Since the end of apartheid in the 90’s, production levels of the Krugerrand have steadily increased. The Krugerrand is now seen as one of the most well-respected gold coins in existence today. As of today, over 50 million ounces of Krugerrand coins have been sold world wide.

Infact, the resurgent popularity of gold Krugerrands, coupled with rising gold and silver prices, led to the South African Mint manufacturing a silver version of the coin in 2018. The pure silver Krugerrand coin features the same design as the original gold Krugerrand.

 

Features

The design of the Krugerrand has not been changed since their initial year of release in 1967. On the front is a portrait of Paul Kruger, the first President of South Africa who led the country from 1883 to 1900. Paul Kruger held office when one of the world’s most profitable mines, Durban Deep, was founded in 1896. He also presided during the Witwatersrand Gold Rush, which led to the founding of Johannesburg, one of South Africa’s largest cities.

The reverse of the coin depicts a galloping springbok antelope, which is one of South Africa’s national symbols. The design on the back is attributed to Coert Steynberg, who was one of South Africa’s acclaimed sculptures. His initials can be found on each Krugerrand, directly above the word “gold” on the left face side of the coin.

These coins have legal tender status in South Africa, which allows them to be imported into many countries without import taxes, duty or VAT. Despite being legal tender, Krugerrands were never assigned a monetary face value. Krugerrands were designed to derive their value exclusively from the price of gold at the time they were traded. If the price of gold changes, so does the value of Krugerrands.

Each one ounce denomination of the South African Krugerrand Gold coin weighs 33.930 grams. The coin contains 31.1035 grams of pure gold. Therefore, the coin consists of 91.67% pure gold and the remainder is made up of copper. The copper composition makes Krugerrands more resistant to scratches compared to other gold bullion coins that are pure gold. The copper component also gives Krugerrands a somewhat orange-hued tint compared to bullion coins that are pure gold. The coin’s diameter and thickness are 32.77 and 2.84 mm respectively making it compact and convenient to store.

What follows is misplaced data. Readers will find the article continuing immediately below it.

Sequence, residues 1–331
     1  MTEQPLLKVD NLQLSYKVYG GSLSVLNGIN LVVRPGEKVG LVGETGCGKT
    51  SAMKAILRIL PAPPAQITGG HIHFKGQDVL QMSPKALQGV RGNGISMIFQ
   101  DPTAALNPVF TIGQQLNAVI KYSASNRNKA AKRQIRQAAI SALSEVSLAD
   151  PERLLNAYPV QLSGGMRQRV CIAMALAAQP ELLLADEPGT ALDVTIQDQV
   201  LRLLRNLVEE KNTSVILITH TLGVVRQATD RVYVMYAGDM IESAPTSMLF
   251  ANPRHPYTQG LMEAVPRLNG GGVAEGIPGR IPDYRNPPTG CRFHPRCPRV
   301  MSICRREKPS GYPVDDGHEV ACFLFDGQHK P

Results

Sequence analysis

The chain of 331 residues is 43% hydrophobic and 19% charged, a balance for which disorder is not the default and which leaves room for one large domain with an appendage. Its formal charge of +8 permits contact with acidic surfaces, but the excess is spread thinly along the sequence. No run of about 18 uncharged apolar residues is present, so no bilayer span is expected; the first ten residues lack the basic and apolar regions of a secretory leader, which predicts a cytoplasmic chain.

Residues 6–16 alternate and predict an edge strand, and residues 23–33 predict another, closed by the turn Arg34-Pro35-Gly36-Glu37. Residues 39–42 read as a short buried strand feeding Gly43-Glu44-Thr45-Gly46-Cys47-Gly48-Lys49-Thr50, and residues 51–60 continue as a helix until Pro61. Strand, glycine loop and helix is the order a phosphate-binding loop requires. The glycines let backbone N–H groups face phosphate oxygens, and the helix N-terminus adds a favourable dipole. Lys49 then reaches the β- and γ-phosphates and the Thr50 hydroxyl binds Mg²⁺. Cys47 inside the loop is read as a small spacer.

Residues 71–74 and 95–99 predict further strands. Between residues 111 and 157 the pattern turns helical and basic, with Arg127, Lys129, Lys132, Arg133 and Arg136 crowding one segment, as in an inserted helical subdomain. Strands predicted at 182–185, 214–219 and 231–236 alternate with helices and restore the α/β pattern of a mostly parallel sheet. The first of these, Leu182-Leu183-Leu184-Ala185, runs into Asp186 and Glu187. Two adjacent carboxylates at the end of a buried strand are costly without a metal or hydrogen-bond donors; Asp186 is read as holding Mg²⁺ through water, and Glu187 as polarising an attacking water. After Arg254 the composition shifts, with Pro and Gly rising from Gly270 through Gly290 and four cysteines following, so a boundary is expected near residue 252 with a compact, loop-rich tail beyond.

Conclusion

The reputation of the Krugerrand is perhaps its most important asset. It is still the most extensively collected and traded bullion coin in the world. Thus making your purchase of a Krugerrand a highly liquid investment. This combined with its aesthetic appeal, history and design makes it difficult to find a better coin for investment purposes.

Krugerrands appeal to professional and private investors who wish to make a direct investment in gold bullion, as a hedge against the U.S. dollar, or further diversify their portfolio. Investors continue to buy gold because of the proven longevity of its value. Many gold investors consider this precious metal a safe investment that will retain its value even during an economic downturn. Owning a tangible asset appeals to some investors, who may put greater trust in physical coins or bars compared to other forms of investments that exist merely on paper. However, investing in Krugerrands isn’t limited to the savvy and experienced investor, some choose to purchase a Krugerand as a gift or with the intention of passing it on to future generations.

No matter what your reason, if you are looking to invest in a South African Krugerrand or any other bullion coin of your choice contact Merrion Gold for a competitive quotation on (01) 254 7901 or email info@merriongold.ie